We need to make these arguments, and we also need to say that there’s no real way to slow down immigration without addressing its root causes, the political and economic situation in the countries to our south — and that to a large extent this situation is the product of economic policies like NAFTA that are promoted by the U.S. elite.10
If people who claim to be concerned about the pace of migration are really serious about addressing the issue, they can join with us in supporting struggles against “free trade” agreements in South America, or in solidarity with the 42,000 laid-off electrical workers in Mexico City, or the Honduran unions fighting last June’s coup d’état.11 They can back the movement for the “right not to migrate,” Mexicans organizing for “development that makes migration a choice rather than a necessity,” in the words of University of California Los Angeles professor Gaspar Rivera Salgado.12 And they can support the efforts of leftist governments in Bolivia and Ecuador to use economic incentives to get migrants to come home.13
Can immigrants win a New Deal in 2010? That will depend on a lot of things. One will be the impact of mobilizations by immigrants and their allies — not just the large protests but also small dramatic actions like the “Trail of Dreams,” a 1,500-mile walk a group of Florida students are starting on January 1. But another factor will be how vocal and effective we are in presenting the issues behind the mobilizations. If we do the job right, we’ll at least be able to weaken the influence of the anti-immigrant “tea parties,” and we’ll start to change the terms of the debate. Under the right circumstances, we might even build enough pressure on Congress to get a real immigration reform.14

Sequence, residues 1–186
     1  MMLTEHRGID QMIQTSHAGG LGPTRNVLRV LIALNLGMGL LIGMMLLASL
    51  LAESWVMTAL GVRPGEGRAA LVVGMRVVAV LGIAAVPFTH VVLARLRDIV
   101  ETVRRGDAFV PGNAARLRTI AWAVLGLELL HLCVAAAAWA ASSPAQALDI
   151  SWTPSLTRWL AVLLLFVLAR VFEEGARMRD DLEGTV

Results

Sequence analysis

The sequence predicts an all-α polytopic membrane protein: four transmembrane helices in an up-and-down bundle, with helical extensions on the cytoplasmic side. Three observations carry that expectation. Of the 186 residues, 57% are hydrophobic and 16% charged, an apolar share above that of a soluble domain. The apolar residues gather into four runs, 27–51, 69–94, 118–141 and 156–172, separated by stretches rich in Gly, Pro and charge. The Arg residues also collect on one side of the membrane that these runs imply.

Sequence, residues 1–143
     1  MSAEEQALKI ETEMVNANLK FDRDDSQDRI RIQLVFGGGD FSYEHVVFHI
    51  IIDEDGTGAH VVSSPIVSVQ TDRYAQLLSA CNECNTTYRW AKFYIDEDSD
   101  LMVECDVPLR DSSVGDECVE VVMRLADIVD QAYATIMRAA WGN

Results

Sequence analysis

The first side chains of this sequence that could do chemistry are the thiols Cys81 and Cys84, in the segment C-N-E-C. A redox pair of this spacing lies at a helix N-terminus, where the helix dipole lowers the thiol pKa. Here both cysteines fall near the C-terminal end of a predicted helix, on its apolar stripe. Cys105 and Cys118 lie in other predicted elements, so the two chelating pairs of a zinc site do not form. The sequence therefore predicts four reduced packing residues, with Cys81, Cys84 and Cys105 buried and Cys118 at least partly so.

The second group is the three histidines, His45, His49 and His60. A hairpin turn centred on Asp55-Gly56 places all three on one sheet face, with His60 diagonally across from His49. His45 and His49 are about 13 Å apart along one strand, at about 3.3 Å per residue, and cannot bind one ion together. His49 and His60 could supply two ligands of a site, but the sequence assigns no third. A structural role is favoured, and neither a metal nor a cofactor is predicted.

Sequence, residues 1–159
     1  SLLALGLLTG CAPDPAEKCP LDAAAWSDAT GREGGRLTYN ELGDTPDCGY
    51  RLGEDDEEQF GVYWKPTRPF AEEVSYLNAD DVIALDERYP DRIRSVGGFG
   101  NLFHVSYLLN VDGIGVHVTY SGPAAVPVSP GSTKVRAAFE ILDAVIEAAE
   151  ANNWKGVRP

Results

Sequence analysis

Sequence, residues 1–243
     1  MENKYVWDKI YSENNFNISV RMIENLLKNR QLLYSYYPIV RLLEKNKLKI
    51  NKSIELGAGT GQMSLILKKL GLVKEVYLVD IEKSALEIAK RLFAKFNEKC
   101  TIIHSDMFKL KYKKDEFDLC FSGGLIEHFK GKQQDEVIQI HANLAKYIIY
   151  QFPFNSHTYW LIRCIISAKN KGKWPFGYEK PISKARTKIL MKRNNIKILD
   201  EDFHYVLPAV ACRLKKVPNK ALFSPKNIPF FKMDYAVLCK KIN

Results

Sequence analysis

1 Julia Preston Napolitano, “White House Plan on Immigration Includes Legal Status,” New York Times, November 13, 2009.
2 Randal C. Archibald, “New Immigration Bill Is Introduced in House,” New York Times, December 15, 2009. A summary of the bill is at <www.aclu.org/immigrants-rights/comprehensive-immigration-reform-americas-security-and-prosperity-cir-asap-summary>.
3 Demetrios G. Papademetriou, Doris Meissner, Marc R. Rosenblum, Madeleine Sumption, “Harnessing the Advantages of Immigration for a 21st-Century Economy: A Standing Commission on Labor Markets, Economic Competitiveness, and Immigration,” MPI, May 2009; James Parks, “Immigration Reform Bill Protects All Workers,” AFL-CIO blog, December 15, 2009.
4 Michelle Chen, “Troubled ‘E-Verify’ Program Highlights Dysfunctional Immigration System,” In These Times, September 14, 2009.
5 Julia Preston and Steven Greenhouse, “Immigration Accord by Labor Boosts Obama Effort,” New York Times, April 13, 2009.
7 Email from Marc R. Rosenblum, December 7, 2009.
9 Rebecca Smith, Ana Avendaño, Julie Martínez Ortega, “ICED OUT: How Immigration Enforcement Has Interfered with Workers’ Rights,” AFL-CIO, American Rights at Work Education Fund, National Employment Law Project, October 2009; James Parks, “Report: Unbalanced Immigration Enforcement Hurts All Workers’ Rights,” AFL-CIO Blog, October 27, 2009; Amy Traub, “Getting Tough on Exploitation,” The Nation, November 17, 2009.
10 “NAFTA Boosted Mexican Immigration: Study,” World War 4 Report, January 24, 2009; Eduardo Zepeda, Timothy A. Wise, and Kevin P. Gallagher, “Rethinking Trade Policy for Development: Lessons From Mexico Under NAFTA,” Carnegie Endowment for International Peace, December 2009.
12 David L. Wilson, “Mexican Layoffs, U.S. Immigration: The Missing Link,” MRZine, November 22, 2009.
15 See also Jane Guskin and David L. Wilson, “A Grassroots Vision for U.S. Immigration Policy — and Beyond,” NACLA Report on the Americas, volume 42, issue 1, January-February 2009.
David L. Wilson is co-author, with Jane Guskin, of The Politics of Immigration: Questions and Answers, Monthly Review Press, July 2007.